The story didn’t seem to care. It just blazed forward to tell how Clark Kent, Jr. and Bruce Wayne, Jr. went on an expedition and found survivors of a lost Mayan civilization. The story was actually pretty catchy, even if I didn’t know how in the hell these two young heroes were supposed to be. I mean, Clark, Jr. looked like Superboy, but they didn’t call him that. It was confusing.
What I did not know then was that I was reading the work of one Bob Haney. It’s not surprising that I enjoyed the story—Bob had also been a writer for Filmation’s Aquaman. He dominated the Batman teamups over in the pages of The Brave and the Bold, and he wasn’t one to be very concerned about continuity. Read, he didn’t give a flying figalily about continuity. He just wrote exciting stories.
In 1973, Haney had created, with little fanfare, sons for Clark Kent and Bruce Wayne. In “The Saga of the Super Sons!” he had related a tale set in an unspecified future, when the elder Kent and Wayne had both married and each produced exactly a single male child. The mothers’ identities were never revealed, although both mothers appeared in that first story, their faces always hidden, their hair, in both cases, long and black. It’s obvious that Clark Jr. was the son of Lois Lane. Bruce Jr.’s parentage was less certain. His mom could have been Kathy Kane, the Batwoman. I always preferred the idea that she was Selina Kyle, a reformed Catwoman. The boys clashed with their fathers, who wanted them to avoid the dangerous life of being super-heroes.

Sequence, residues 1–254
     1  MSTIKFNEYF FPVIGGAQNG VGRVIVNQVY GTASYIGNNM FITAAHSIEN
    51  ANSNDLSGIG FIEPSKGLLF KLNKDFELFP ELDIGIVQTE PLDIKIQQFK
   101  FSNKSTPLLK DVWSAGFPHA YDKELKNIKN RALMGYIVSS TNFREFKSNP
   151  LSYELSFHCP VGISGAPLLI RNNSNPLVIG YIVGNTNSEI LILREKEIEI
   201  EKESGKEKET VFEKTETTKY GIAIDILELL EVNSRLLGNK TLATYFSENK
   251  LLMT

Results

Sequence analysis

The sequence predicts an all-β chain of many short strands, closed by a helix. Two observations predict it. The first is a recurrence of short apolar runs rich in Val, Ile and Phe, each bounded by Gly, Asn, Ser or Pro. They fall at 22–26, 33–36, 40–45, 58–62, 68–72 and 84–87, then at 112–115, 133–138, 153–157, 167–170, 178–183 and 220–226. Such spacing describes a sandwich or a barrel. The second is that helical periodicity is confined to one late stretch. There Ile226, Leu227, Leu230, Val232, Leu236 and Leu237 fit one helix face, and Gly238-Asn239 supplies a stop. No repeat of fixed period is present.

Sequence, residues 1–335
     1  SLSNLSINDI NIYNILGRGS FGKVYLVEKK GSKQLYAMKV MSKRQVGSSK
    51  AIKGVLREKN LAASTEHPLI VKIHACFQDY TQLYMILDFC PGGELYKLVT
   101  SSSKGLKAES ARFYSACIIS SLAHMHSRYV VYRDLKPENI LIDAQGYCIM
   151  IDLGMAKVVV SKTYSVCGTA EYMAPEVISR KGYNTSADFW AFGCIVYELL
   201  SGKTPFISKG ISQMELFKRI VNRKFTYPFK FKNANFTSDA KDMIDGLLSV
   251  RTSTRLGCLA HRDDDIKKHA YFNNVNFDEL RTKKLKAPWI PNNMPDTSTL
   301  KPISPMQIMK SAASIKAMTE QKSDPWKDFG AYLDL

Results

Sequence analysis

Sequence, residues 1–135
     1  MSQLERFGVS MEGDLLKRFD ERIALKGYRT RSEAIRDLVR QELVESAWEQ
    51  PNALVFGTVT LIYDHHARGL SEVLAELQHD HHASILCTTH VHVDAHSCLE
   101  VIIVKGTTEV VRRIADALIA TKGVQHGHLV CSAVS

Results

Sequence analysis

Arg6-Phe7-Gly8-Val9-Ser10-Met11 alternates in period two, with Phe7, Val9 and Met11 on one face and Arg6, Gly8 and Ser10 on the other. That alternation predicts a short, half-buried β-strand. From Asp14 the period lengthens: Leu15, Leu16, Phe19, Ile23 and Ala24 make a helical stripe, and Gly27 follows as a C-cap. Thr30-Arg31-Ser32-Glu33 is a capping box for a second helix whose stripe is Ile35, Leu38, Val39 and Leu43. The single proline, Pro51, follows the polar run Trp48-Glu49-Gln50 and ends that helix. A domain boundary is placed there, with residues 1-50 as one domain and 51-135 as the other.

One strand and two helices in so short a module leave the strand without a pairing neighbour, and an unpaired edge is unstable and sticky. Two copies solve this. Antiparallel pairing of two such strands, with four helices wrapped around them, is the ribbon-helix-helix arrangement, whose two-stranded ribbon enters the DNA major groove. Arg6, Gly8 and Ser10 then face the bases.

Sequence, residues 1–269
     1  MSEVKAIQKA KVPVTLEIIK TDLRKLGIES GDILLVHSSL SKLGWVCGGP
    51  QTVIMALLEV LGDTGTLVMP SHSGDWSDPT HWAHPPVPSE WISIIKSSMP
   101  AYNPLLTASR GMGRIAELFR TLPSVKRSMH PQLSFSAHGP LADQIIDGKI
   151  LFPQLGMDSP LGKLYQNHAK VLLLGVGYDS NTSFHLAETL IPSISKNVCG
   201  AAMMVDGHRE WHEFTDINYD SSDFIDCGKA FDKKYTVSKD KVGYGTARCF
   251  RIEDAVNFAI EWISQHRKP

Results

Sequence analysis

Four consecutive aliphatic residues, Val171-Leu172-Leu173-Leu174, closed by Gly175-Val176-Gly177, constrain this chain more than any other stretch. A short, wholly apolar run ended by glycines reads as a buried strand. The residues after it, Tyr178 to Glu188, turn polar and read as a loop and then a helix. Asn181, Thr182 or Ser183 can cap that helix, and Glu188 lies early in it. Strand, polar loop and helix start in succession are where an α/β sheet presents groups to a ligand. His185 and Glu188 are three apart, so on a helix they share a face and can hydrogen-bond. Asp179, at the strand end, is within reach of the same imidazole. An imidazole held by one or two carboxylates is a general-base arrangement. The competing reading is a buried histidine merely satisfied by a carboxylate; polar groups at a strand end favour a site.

Although their initial adventure ends with them telling their dads, “You two can have the hero bag back for now! It’s too grim!” they were back in the next issue of World Finest, and would appear ten more times over the next three years,
before finally being explained away as having been a computer simulation in a heart-rending story in 1980.
The Super Sons traveled the Country (and sometimes beyond) on a motorcycle, having adventures in strange little towns and out-of-the-way places, a bit like the Scooby gang. Haney had also been the regular writer of The Teen Titans, so he knew how to write hip dialogue that made the cats want to rock ‘n roll and go-go-Go! (Yeah… it was that embarrassing.) As you’d expect, with two teen boys travelling together, not a girl in sight, and rarely noticing girls, the homoerotic undertones of the series were pretty strong. But, when I was eight years old, we didn’t know the word “gay” meant anything but “happy.” All that was lost on me.
Goofy as they were, I was kind of sad when the Super Sons just disappeared from comics. They had been, after all, companions of my early, comics-reading years. So I was intrigued when I heard that there was going to be a new regular series. It’s not about Clark, Jr. and Bruce, Jr. of course. It’s about the actual, in-continuity sons of Superman and Batman, Jon and Damian, who are much younger, much less friendly with each other, and much less prone to wear orange-and-purple striped pants. (There are some things you just can’t un-see, even after 43 years!)
And these new Super Sons were just released as action figures, which proves they’re real and not imaginary. You can put them on your desk and look at them when there isn’t a comic book in sight. For more information about those Super Sons, see my review of the figures over on The Figure in Question’s site.